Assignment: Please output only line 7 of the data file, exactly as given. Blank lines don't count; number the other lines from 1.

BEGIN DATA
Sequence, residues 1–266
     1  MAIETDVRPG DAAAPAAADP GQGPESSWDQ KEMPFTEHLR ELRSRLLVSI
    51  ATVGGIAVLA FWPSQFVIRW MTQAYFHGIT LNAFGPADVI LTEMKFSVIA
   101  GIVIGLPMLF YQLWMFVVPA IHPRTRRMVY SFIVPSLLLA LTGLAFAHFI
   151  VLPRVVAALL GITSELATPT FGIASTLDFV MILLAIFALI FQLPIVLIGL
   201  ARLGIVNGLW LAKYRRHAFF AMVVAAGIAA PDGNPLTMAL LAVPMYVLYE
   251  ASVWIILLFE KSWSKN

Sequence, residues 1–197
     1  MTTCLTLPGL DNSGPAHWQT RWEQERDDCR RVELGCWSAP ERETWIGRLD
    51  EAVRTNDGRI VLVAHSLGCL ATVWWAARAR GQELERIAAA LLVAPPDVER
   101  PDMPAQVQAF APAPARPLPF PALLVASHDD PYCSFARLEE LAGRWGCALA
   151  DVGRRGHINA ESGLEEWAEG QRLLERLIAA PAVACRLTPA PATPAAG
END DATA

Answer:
   251  ASVWIILLFE KSWSKN